On this occasion, investing in influencers has once again helped get the word out. The provocative poses are accompanied by a tagline of “I ___ in #mycalvins”, encouraging other people to indicate what they indeed do in theirs.

It’s also the first time that each of the Calvin Klein brands – Calvin Klein Collection, Calvin Klein, Calvin Klein Jeans and Calvin Klein Underwear – have been presented together. The campaign also features other well-known names such as hip hop artist Kendrick Lamar, singer FKA Twigs, actress Klara Kristin, cult skateboarder Mark Gonzales, British artist Shantell Martin and The Wire actor Tristan Wilds.

Photographer and filmmaker Tyrone Lebon is the mastermind behind the images, with the answers to what all these familiar faces do in their Calvins rounded up into a 90-second video as well.

Categories
social media

Instagram likes: Kendall Jenner, Taylor Swift take 2015 prize

instagram-board

It’s a very shallow world and it’s also one that’s celebrity-obsessed. That’s pretty obvious from the list of Instagram posts that got the most likes this year.

Was it a triumph of inspirational imagery? Not exactly. The unstoppable Kendall Jenner and Taylor Swift were the influencers who rocked this most visual of social media channels.

Kendall’s sister Kylie also got in on the act and last year’s most liked Instagrammer, Beyoncé, was still there (but at number five this year). Taylor Swift had the most entries in the top 10, however – six of them in fact.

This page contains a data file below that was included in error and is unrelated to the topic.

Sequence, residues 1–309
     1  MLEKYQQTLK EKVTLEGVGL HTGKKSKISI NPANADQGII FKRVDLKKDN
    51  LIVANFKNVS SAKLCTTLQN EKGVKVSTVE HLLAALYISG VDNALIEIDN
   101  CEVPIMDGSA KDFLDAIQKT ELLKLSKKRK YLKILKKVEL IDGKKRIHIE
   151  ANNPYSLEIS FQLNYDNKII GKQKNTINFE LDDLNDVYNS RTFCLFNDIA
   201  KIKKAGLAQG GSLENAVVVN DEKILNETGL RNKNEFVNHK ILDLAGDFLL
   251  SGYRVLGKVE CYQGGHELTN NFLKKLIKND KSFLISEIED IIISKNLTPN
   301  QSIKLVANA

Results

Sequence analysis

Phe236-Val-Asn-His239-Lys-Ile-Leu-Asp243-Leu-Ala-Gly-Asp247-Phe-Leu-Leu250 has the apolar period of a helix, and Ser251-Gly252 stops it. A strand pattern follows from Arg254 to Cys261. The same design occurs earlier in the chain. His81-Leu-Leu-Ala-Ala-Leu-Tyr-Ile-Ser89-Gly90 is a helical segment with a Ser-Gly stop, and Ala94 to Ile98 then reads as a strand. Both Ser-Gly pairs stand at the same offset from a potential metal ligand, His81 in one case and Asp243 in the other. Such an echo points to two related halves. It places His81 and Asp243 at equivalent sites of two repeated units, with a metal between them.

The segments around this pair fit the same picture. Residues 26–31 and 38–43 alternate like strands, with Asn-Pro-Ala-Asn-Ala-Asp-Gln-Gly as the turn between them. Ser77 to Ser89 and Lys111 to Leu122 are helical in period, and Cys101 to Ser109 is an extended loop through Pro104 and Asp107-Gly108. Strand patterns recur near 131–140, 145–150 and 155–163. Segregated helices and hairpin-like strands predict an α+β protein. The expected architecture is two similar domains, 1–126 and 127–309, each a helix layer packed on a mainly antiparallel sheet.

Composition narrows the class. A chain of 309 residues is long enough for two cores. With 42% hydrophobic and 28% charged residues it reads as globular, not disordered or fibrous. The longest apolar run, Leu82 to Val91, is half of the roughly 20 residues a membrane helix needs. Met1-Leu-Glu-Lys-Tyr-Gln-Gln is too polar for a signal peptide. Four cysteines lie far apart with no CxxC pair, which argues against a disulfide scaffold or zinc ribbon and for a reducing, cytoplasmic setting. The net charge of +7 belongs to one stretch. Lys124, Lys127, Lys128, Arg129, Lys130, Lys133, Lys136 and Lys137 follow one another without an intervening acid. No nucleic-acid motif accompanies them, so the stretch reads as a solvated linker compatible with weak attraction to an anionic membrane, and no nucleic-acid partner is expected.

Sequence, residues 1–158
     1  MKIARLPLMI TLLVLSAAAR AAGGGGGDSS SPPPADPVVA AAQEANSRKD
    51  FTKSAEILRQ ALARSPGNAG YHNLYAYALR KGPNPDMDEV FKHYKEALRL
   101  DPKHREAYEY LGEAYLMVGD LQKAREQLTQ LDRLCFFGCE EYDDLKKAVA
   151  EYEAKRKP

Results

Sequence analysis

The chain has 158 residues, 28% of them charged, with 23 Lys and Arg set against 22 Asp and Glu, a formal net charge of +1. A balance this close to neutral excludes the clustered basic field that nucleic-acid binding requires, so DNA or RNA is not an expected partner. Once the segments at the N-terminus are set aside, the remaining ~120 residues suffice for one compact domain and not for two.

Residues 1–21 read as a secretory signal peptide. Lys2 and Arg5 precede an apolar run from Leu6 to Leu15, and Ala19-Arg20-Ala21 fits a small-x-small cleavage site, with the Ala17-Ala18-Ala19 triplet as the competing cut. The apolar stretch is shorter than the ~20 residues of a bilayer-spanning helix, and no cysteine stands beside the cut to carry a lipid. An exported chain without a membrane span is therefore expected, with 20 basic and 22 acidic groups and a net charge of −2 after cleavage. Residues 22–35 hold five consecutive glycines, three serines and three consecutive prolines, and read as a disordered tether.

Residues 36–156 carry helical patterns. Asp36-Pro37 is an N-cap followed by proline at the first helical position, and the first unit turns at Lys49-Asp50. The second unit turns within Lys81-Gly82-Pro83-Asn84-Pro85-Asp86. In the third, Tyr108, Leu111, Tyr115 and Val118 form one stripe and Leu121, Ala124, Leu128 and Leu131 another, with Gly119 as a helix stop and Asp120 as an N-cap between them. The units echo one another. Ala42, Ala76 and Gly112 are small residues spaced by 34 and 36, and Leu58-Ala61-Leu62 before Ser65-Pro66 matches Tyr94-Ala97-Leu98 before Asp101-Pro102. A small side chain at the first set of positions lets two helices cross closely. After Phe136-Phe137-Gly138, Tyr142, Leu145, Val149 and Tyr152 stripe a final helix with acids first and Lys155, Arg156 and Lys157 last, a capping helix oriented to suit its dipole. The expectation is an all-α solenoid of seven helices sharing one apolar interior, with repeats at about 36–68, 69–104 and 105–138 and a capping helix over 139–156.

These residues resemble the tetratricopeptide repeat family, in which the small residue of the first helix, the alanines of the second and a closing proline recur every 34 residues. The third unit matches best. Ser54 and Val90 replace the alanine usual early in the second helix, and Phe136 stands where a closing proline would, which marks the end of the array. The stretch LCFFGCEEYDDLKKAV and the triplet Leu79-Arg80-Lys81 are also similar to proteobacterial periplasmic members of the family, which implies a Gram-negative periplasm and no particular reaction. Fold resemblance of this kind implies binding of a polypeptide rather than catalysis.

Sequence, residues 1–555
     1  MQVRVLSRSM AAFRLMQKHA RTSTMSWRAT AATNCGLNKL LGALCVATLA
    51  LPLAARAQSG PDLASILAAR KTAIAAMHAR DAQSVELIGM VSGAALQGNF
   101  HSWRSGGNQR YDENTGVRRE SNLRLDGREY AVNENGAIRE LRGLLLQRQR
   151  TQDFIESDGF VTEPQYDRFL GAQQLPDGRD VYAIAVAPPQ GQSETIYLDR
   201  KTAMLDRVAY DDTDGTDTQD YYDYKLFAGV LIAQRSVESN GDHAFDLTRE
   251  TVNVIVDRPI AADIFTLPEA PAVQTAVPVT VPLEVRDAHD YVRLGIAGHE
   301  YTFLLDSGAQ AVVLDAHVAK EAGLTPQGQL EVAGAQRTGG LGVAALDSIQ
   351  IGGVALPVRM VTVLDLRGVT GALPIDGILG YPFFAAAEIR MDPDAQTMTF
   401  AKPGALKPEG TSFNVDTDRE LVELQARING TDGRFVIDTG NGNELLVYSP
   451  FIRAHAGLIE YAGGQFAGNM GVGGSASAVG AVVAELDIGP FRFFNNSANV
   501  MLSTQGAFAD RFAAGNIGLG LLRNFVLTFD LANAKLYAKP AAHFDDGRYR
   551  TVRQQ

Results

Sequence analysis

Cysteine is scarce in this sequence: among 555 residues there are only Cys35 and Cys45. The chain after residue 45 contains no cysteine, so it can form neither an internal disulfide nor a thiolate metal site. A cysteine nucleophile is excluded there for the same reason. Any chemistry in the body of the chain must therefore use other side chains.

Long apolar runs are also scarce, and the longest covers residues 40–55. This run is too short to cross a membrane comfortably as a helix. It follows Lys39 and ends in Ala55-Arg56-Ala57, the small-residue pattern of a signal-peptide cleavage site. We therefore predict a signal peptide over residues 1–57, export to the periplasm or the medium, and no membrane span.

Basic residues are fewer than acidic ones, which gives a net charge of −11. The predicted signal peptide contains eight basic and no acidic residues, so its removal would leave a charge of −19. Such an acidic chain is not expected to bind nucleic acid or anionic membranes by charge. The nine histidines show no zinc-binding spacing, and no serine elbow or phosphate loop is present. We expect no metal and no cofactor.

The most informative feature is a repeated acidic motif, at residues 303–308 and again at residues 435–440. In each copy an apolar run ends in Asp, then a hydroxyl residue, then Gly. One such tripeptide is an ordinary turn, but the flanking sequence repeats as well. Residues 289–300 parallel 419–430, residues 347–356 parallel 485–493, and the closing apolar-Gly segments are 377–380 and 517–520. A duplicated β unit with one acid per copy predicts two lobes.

Come on own up, are you responsible for one of the combined 12.9m likes these five posts received?

1-kendall-jenner

2-taylor-swift

3-taylor-swift

4-kylie-jenner

5-beyonce

This post first appeared on Trendwalk.net, a style-meets-business blog by journalist, trends specialist and business analyst, Sandra Halliday

Categories
digital snippets e-commerce film mobile social media Startups technology

Digital snippets: Richemont invites LVMH as e-commerce partner, Google and Levi’s on Project Jacquard, JLab’s final 21 start-ups

A particularly oversized round-up of the latest stories to know about surrounding all things fashion and tech…

Project-Jacquard

  • Richemont invites LVMH to join site to compete with Amazon [BoF]
  • Google is partnering with Levi’s for its Project Jacquard smart fabric (as pictured) [TNW]
  • The 21 tech start-ups getting John Lewis excited in 2015 [The Drum]
  • Marc Jacobs gets Periscope, follows in footsteps of fashion brands Burberry, DKNY & Rebecca Minkoff [WGSN.com/blogs]
  • Macy’s embraces a ‘digical’ world [AdAge]
  • Why Nordstrom is the Amazon of department stores [Fortune]
  • How an Instagram “like” from artist Alice Lancaster unspired Calvin Klein 2016 resort collection [Vogue]
  • Forever 21 drives sales through consumer-generated outfit gallery [Mobile Commerce Daily]